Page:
Project: Research project

Project Details


This project's objective is to identify the autoantigen in
cholinergic neurons that is the target of pathogenic antibodies in
the Lambert-Eaton myasthenic syndrome (LES). The long-range
goal is to devise antigen-specific therapy for LES. Striking
features of LES include a greater than 55% incidence of a lethal
lung cancer, small cell (oat cell) carcinoma (SCC), and a high
prevelence of autoantibodies to thyroid and stomach constituents.
Weakness results from a deficient exocytosis of acethylcholine
(ACh) from motor nerve terminals in response to a nerve impulse.
Injection of IgG from serum of patients into mice causes a
neurotransmission defect similar to that of LES. There is considerable evidence that the abnormality of cholinergic
neurons that impairs neurotransmission in LES results from an
autoimmune response that is initiated as an anti-tumor response
directed against a neuron-related differentiation antigen of SCC.
Voltage-sensitive Ca2+ channels have been implicated as the
antigen. This project aims to examine plasma membranes of SCC
for antigens reactive with LES antibodies and for molecules
related to those on cholinergic neurones that are relevant to ACh
release. LES patients' antibodies will be tested for pathophysiologic
effects on clonal lines and primary preparations of cholinergic
neurons, using microassays to measure voltage-dependent influx
of 45Ca2+ and release of 3H-ACh. A new rapid passive transfer
model of LES in mice will facilitate analysis of the mechanisms
responsible for impaired release of ACh quanta in LES. Isolated
cholinergic nerve terminals from the electric organ of Torpedo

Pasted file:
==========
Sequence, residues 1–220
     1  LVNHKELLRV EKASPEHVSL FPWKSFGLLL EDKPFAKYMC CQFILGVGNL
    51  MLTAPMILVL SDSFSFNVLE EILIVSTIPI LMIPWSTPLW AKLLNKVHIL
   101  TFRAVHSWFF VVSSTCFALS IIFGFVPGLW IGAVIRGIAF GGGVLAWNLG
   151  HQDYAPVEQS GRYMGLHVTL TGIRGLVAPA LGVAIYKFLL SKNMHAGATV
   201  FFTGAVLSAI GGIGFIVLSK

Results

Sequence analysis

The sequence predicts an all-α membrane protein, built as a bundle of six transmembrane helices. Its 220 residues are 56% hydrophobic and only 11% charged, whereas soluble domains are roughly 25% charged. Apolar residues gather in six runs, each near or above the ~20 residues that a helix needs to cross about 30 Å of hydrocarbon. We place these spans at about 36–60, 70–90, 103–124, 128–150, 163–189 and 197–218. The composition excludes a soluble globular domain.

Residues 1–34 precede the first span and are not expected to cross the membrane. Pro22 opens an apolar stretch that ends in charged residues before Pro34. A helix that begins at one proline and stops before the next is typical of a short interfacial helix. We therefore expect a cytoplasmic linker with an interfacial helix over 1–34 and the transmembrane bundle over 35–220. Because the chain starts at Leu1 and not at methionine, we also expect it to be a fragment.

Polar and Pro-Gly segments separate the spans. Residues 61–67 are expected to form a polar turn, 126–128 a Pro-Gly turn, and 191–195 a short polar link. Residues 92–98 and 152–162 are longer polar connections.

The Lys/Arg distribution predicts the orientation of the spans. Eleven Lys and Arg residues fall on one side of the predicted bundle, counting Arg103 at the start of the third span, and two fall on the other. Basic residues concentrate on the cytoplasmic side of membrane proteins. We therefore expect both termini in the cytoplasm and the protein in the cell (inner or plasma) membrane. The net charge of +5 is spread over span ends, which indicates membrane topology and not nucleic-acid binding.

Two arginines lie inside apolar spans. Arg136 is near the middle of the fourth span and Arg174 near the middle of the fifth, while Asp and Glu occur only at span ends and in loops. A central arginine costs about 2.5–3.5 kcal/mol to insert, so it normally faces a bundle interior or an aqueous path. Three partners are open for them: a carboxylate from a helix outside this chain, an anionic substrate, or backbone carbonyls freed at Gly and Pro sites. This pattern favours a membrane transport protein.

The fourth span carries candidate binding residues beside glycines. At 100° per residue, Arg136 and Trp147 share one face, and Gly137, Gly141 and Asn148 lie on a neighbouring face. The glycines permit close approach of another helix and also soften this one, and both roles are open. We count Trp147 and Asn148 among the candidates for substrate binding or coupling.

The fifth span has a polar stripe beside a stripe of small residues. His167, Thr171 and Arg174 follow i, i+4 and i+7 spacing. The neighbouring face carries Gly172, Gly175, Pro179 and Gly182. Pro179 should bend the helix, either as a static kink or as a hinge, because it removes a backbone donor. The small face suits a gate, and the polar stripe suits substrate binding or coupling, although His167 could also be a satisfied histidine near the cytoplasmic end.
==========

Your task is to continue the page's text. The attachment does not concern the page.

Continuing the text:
californica will be investigated as a potentially rich source of the
LES antigen. The omega toxin of the snail Conus geographus,
which has high affinity and specificty for voltage-sensitive Ca2+
channels of presynaptic nerve terminals, is a promising tool for
identifying the LES antigen. Monoclonal antibodies made by
hybridomas from rats immunized with SCC or cholinergic
neuronal components, and by B cell lines from LES patients, will
be used to identify and purify the LES antigen. The aims in the next period of this grant are 1) to identify and
purify the LES antigen, 2) to develop an animal model of LES
based on active immunization for testing new modes of therapy
for LES; 3) to develop serologic tests for diagnosis of LES and/or
SCC; and 4) to identify the Link between SCC, LES and
thyrogastric autoimmunity.
Effective start/end date3/1/844/30/98


  • National Cancer Institute
  • National Cancer Institute
  • National Cancer Institute
  • National Cancer Institute
  • National Cancer Institute
  • National Cancer Institute
  • National Cancer Institute
  • National Cancer Institute
  • National Institutes of Health
  • National Cancer Institute
  • National Cancer Institute
  • National Cancer Institute


  • Medicine(all)


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